The Rams have to be pleased with everything outside of the loss of Donnie Avery -- Turf Show Times says that the play of Jason Smith and Roger Saffold, for different reasons, is also encouraging, particularly in relation to how the combination of "Sam Bradford + Saffold" >>>>> "Russell Okung + Jimmy Clausen." Or something.
Some mildly tangential football news, in that Dan Steinberg discusses where Stephen Strasburg's injury stacks up against the all-time worst for DC Sports -- the chief comparison is that of Joe Theismann when Lawrence Taylor wrecked his life and forced us into bad football broadcasting and, eventually, a crappy movie rendition of a great Michael Lewis book.
Well, well, la-ti-da. Doesn't Chicago just have sooooo many trophies from professional sports teams ? Actually, as the only town to own all four major trophies over the past 25 years, all the owners got together and had a big party where they made fun of the Cubs and then cracked jokes about whether or not anyone would bother hiring Lovie Smith next season.
Our old pal SbB brings to light information that should totally remind everyone in Los Angeles: UR NOT GETTIN' OUR SOUTHERN FOOTBALL. Actually, Brooks ends the post optimistically, but let me tell you what, if they take football from Jacksonville, Thanksgivings are going to be REALLY awkward for my family. No offense, cousins and such.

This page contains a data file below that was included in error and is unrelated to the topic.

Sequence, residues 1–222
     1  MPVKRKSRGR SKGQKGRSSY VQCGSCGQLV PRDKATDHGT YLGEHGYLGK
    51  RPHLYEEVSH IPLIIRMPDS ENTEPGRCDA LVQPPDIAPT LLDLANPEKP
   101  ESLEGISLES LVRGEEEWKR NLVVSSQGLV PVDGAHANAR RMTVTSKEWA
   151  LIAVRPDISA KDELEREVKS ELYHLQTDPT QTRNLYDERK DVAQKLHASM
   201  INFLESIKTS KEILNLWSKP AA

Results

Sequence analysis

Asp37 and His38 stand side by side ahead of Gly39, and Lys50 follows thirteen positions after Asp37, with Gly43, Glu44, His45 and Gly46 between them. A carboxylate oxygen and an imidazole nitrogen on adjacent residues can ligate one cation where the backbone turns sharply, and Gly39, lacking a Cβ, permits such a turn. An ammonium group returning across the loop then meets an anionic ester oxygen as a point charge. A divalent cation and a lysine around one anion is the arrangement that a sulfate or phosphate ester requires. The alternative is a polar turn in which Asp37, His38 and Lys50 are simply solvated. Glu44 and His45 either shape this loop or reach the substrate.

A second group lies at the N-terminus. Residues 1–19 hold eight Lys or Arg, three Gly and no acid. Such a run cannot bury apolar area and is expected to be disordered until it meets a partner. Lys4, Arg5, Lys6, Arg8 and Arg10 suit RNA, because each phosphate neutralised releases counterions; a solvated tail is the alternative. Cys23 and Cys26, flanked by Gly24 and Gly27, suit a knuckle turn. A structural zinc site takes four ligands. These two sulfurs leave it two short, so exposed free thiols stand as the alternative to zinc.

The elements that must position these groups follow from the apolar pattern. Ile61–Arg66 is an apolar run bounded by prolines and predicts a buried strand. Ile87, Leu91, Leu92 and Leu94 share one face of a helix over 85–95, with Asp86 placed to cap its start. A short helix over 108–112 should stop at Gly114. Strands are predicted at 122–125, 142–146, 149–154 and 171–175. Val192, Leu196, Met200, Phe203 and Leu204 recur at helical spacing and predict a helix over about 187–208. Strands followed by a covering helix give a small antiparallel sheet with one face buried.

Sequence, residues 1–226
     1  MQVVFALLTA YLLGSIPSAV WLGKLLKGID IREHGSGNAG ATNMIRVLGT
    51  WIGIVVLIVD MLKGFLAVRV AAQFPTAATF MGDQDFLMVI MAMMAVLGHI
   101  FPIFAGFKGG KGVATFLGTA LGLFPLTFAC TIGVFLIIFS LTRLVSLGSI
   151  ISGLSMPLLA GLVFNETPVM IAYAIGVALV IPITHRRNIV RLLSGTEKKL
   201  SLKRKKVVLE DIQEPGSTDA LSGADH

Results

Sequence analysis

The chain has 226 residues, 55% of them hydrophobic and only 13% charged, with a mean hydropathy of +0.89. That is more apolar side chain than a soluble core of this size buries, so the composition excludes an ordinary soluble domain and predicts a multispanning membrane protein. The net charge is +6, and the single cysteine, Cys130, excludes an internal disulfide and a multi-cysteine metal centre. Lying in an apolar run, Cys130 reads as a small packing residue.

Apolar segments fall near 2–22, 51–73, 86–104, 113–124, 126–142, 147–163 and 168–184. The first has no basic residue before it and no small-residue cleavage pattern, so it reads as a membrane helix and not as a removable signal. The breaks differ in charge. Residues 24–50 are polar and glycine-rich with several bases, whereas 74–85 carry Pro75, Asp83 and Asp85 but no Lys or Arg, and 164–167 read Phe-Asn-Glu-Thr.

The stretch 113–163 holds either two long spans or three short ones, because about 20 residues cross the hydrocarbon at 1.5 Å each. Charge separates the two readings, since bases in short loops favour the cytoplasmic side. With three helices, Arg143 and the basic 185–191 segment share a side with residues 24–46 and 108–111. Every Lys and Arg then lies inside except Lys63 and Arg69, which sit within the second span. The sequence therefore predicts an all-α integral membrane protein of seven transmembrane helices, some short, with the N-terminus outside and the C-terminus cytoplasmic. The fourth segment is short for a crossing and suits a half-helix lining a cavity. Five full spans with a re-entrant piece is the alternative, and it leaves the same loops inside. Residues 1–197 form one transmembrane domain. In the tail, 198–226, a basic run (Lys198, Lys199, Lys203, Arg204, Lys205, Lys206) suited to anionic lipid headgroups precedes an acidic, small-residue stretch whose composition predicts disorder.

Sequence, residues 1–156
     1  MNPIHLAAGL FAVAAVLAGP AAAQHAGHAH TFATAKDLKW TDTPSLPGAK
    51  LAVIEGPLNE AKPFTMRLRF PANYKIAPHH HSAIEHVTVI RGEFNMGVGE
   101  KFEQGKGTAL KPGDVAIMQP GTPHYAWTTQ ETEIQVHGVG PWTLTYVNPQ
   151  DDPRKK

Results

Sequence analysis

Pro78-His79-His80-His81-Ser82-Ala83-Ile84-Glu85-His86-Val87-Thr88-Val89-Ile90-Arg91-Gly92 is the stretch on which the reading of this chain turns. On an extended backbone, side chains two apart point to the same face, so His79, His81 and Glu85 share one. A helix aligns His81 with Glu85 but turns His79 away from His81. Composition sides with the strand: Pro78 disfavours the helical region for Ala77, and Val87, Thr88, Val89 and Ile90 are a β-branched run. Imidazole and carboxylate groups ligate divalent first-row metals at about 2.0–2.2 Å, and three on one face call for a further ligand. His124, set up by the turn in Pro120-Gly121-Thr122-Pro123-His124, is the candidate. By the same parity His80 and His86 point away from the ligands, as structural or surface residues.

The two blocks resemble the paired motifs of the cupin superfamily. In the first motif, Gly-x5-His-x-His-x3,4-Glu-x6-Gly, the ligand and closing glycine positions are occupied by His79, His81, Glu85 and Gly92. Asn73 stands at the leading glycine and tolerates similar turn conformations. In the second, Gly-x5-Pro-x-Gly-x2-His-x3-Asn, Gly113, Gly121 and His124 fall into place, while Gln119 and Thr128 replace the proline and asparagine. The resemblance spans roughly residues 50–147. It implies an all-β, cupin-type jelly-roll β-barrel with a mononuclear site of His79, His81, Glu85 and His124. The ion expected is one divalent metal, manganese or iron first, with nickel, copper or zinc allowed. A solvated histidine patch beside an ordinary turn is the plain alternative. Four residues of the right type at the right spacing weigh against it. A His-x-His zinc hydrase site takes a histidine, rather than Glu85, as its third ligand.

Zerkle's rundown of Peyton Manning's issues with the umpire is worth it if only for the Madden '11 photoshop.
Haters gonna hate all they want, but Gregg Rosenthal still managed to work up a positive piece about LaDainian Tomlinson at PFT. It's logical too, because, well, as much we all suddenly want LdT to fail miserably, the good news is that he's not as awful as Willie Parker. Careers fade fast when you're from Clinton, NC, son.
Posted on: August 28, 2010 12:22 am
Edited on: August 28, 2010 10:30 am
Posted by Will Brinson
It's a question that has to be reasonably asked, particularly after news broke on Friday evening that Donnie Avery -- the closest thing St. Louis had to a No. 1 wideout -- will miss the entire 2010 season .